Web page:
British-Iranian dual citizen Nazanin Zaghari-Ratcliffe back in Iran court on 'propaganda' charges

Zaghari-Ratcliffe finished serving a five-year sentence last week.

British-Iranian dual national Nazanin Zaghari-Ratcliffe appeared in a Tehran court today to face new charges of “propaganda against the system”, a week after she finished serving a five-year sentence, her lawyer said.

The hearing has dashed hopes of family and supporters for a swift release of the 42-year-old, in a case that has heightened diplomatic tensions between London and Tehran.

British Foreign Secretary Dominic Raab said it was “unacceptable that Iran has chosen to continue a second wholly arbitrary case”.

According to her lawyer, Hojjat Kermani, she is now being prosecuted for “propaganda against the system for having participated in a rally in front of the Iranian embassy in London” in 2009.

Zaghari-Ratcliffe spoke in court where she denied all charges, according to the Free Nazanin support campaign.

“Nazanin… pointed out that all the accusations and evidence put forward had been part of her trial in 2016,” the group said.

“She had already been tried and convicted on this evidence.”

Kermani told AFP that “the hearing took place in a very calm and good atmosphere, in the presence of my client”.

Under Iranian law, the court has seven working days to issue a judgement, although delays are also common.

However, with the country about to celebrate the Iranian new year, it means a ruling might not be released until 30 March.

Britain demanded the mother-of-one be allowed to fly home immediately.

“She must be allowed to return to her family in the UK without delay,” Raab said. “We continue to do all we can to support her.”

Kermani said that “given the evidence presented by the defence and the legal process, and the fact that my client has also served her previous sentence, I hope that she will be acquitted”.

But the support committee is less optimistic. “At present, Nazanin’s future remains uncertain, and her detention effectively open-ended,” it said.

Zaghari-Ratcliffe was detained while on holiday in 2016 and convicted of plotting to overthrow the regime in Tehran — accusations she strenuously denied.

She was working at the time as a project manager for Thomson Reuters Foundation, the media organisation’s philanthropic wing.

She has been under house arrest for months and had her ankle tag removed, giving her more freedom of movement and allowing her to visit relatives in Tehran.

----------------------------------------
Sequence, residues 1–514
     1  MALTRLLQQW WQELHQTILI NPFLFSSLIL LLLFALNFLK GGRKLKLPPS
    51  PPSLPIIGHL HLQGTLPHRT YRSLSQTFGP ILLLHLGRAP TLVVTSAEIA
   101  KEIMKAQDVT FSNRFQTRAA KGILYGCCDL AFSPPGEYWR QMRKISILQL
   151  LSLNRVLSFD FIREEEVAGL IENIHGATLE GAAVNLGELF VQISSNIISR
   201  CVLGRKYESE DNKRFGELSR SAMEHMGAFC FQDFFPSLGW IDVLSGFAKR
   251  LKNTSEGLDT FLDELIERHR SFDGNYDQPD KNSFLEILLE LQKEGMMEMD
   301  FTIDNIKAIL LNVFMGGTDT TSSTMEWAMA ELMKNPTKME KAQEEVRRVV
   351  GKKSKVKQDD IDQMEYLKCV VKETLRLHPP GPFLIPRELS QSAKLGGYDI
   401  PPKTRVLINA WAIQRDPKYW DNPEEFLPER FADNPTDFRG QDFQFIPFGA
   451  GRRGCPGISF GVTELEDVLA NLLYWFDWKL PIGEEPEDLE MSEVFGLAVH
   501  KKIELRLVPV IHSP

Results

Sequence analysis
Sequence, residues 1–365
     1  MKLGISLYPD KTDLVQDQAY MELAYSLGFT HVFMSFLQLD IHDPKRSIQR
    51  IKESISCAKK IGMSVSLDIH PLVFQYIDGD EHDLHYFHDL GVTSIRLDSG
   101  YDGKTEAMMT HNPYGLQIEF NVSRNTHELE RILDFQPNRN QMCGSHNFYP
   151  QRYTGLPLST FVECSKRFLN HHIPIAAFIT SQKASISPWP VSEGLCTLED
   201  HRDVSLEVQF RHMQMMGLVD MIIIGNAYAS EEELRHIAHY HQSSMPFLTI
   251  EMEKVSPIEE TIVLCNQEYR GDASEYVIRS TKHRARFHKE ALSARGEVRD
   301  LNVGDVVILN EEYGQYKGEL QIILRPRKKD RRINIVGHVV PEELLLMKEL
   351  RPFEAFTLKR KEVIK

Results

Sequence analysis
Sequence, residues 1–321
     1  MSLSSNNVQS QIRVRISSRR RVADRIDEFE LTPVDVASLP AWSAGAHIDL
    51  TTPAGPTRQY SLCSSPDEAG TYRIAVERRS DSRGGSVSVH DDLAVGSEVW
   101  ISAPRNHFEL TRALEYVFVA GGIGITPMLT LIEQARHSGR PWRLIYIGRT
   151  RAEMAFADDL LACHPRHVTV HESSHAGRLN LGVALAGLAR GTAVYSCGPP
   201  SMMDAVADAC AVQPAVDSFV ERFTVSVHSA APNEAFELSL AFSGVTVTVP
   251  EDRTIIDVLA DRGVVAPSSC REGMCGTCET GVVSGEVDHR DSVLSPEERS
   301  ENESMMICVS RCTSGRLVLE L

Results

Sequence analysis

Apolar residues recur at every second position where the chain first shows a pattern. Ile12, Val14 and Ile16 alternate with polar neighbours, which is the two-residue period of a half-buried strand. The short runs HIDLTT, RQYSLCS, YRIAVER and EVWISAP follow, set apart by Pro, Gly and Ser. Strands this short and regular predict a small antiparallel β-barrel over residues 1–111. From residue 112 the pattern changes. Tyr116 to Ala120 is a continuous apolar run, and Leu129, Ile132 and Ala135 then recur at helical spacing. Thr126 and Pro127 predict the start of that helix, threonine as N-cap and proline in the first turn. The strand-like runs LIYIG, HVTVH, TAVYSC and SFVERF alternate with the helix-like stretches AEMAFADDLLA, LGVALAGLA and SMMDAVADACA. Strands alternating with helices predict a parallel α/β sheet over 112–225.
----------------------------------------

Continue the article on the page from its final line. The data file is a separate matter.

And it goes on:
She completed her sentence on 7 March.

A day later, her husband Richard and their six-year-old daughter Gabriella held a vigil outside the Iranian embassy in central London demanding she be allowed home.

He tried to deliver an Amnesty International petition signed by 160,000 supporters calling for his wife’s release, but was turned away.

Earlier this month, Richard Ratcliffe told the BBC her detention has “the potential to drag on and on”.

Media in both the UK and Iran and Richard Ratcliffe have drawn a possible link between Nazanin’s detention and a British debt dating back more than 40 years.

The British government has previously admitted it owes Iran up to £300 million ($390 million), but both countries have denied any link with the Zaghari-Ratcliffe case.

She has been temporarily released from Tehran’s Evin prison and has been under house arrest since the spring due to the coronavirus outbreak.

For four years, however, at Evin she spent time in solitary confinement in windowless cells, declared hunger strikes and had medical treatment withheld.

While in prison, she suffered from lack of hygiene and even contemplated suicide, according to her husband.

Iranian authorities have consistently denied that Zaghari-Ratcliffe was mistreated.

On Friday, campaign group Redress handed a report to Raab which it said “confirms the severity of the ill-treatment that Nazanin has suffered”.

The legal campaigners said that it “considers that Iran’s treatment of Nazanin constitutes torture.”

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